More than 1,000 passengers on a stricken Italian cruise ship from the same fleet as the tragedy-struck Costa Concordia were being towed to safety yesterday, but would not reach landfall for another 24 hours.
Fire broke out in the engine room of the Costa Allegra on Monday, stalling the vessel in the choppy waters of the Indian Ocean where Somali pirates have in the past attacked and captured foreign ships.
A French fishing boat started towing the cruise ship to the tiny island of Desroches, while two tug boats from the coast guards were expected to reach the vessel later yesterday, the Seychelles Coast Guard said.
“The Seychelles Coast Guard can confirm that a French purse seiner vessel [a trawler] reached the location of the Costa Allegra last night and is towing the vessel towards Desroches island,” it said in a statement.
It was not clear how far the boat was from Desroches, but Seychelles presidential spokeswoman Srdjana Janosevic said the coast guards were not expecting its arrival at the remote island “ until tomorrow [Wednesday].”
Emergency crews onboard managed to extinguish the fire after a few hours and nobody was injured, but the stranded liner was forced to make a mayday call seeking assistance from nearby vessels in the dangerous ocean seas.
Passengers were all moved onto the ship’s outer decks to ensure an easier evacuation if needed, and Indian naval aircraft flying overhead took photographs showing passengers crowded around the cruise ship’s swimming pool.
A Seychelles helicopter delivered food and satellite phones to the ship, cruise operator Costa Crociere said.
Officials from Costa Crociere have said that all 636 passengers and 413 crew members were in good health and confirmed the boat was being towed to Desroches.
“Guests onboard are continuously informed and assisted by the captain and the staff onboard, a cold breakfast was served this morning,” the company said in a statement.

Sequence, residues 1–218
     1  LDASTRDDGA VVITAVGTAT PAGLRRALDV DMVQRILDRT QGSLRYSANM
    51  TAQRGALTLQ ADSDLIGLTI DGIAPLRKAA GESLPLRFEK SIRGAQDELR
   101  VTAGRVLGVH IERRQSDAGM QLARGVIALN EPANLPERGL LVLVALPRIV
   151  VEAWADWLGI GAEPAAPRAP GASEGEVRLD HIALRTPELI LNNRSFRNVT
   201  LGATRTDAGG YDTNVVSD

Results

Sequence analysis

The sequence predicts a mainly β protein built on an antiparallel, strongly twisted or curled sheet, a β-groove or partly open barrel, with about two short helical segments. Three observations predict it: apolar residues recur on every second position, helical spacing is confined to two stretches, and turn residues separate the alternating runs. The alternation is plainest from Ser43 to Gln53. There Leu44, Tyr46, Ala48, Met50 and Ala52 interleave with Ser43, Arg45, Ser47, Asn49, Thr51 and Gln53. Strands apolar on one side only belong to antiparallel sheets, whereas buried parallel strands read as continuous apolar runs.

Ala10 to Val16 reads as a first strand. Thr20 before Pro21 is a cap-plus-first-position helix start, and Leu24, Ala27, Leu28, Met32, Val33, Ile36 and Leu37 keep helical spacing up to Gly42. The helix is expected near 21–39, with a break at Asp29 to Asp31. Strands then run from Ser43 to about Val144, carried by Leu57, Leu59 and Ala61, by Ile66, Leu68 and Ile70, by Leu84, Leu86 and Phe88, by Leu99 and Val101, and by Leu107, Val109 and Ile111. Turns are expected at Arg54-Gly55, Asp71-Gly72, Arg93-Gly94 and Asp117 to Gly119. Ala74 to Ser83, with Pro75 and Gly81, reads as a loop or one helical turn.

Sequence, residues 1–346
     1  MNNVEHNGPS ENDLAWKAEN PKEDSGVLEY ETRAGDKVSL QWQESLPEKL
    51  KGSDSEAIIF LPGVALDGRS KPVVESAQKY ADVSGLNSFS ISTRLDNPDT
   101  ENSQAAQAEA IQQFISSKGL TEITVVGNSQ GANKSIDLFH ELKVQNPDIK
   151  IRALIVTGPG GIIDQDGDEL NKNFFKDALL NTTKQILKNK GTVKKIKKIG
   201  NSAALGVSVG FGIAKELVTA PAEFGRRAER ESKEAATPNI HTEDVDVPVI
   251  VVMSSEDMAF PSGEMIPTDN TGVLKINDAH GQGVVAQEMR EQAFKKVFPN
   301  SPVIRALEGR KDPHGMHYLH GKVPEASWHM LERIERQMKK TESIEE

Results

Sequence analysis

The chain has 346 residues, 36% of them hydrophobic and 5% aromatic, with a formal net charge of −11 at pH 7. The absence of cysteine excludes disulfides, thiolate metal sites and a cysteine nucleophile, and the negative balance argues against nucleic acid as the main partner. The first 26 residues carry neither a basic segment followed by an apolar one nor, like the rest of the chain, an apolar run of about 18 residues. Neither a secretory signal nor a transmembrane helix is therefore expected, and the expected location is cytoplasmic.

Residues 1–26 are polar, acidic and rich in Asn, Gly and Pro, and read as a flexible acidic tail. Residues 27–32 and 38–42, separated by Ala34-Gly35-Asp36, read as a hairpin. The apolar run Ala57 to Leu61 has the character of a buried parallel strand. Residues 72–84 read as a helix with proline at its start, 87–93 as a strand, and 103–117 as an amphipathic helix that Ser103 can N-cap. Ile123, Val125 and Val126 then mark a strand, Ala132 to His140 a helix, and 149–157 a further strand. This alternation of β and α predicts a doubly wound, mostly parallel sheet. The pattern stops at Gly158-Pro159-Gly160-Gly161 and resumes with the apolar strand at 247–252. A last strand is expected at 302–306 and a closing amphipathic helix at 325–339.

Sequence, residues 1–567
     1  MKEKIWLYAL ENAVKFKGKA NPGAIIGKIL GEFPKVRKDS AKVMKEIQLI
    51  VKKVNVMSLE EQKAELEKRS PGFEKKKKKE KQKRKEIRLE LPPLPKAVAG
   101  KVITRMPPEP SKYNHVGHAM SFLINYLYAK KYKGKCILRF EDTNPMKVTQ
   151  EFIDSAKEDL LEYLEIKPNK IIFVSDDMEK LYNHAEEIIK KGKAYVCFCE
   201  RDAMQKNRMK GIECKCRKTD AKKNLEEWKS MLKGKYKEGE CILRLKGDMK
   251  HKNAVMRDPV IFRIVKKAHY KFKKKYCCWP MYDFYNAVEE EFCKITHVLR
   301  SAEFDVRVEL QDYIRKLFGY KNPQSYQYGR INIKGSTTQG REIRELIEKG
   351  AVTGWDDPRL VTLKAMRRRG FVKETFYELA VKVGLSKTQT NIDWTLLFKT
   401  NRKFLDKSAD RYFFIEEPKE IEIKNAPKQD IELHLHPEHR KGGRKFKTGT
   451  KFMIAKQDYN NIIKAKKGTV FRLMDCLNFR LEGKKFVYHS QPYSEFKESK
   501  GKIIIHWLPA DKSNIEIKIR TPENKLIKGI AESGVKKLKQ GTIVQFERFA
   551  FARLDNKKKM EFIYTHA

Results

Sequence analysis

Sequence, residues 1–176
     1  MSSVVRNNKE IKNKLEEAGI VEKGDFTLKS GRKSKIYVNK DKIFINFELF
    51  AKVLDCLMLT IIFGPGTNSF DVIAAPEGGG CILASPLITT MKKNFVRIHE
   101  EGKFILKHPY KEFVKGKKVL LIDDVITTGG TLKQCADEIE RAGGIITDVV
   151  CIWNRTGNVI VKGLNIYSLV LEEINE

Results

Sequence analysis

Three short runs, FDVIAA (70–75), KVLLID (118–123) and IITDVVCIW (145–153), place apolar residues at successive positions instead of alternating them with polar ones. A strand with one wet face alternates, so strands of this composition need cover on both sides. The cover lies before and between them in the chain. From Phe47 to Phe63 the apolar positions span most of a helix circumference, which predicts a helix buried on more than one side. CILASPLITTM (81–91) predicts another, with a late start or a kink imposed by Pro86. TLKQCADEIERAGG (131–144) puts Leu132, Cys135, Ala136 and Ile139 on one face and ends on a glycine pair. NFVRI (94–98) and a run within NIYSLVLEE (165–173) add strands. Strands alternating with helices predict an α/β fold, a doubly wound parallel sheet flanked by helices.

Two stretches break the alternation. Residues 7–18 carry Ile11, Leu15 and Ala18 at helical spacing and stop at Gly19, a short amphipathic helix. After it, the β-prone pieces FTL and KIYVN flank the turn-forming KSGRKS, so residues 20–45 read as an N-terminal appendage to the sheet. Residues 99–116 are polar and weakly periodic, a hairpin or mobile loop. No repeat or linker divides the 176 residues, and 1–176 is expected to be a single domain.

The Costa Allegra is from the same fleet as the much larger Costa Concordia, which crashed into an Italian island last month, in a tragedy that claimed 32 lives.
The cruise ship’s passengers and crew are from 25 countries, including 135 Italians, among them nine marines to guard against pirate attacks, 127 French, 97 Austrians and 90 Swiss, as well as nationals from Britain, Germany, Mauritius, Russia, Slovenia and Spain.
The passengers are expected to disembark on Desroches before traveling 230km southwest to Mahe, the main island in the archipelago.
Desroches, a tiny outcrop of land known for its white sandy beaches and dense lush forests of coconut palms and surrounded by coral reefs, is just about 15km in circumference and hosts an exclusive luxury resort.
Resort manager Mark Leslie said they were in close contact with the authorities and that they expected the passengers to arrive sometime “after lunch on Wednesday.”
“We will be able to accommodate around 200 guests, if they want to stay,” Leslie said. “The other ones will be airlifted to Mahe.”
However, people will need to be transported in several planes since the short airstrip can handle only small aircraft with a maximum capacity of 25 people per plane, Leslie added.
“We are in contact with the agent of the ship and we are making arrangements to transport the passengers and crew by air to the island of Mahe,” Seychelles Tourism Board director Alain St Ange said.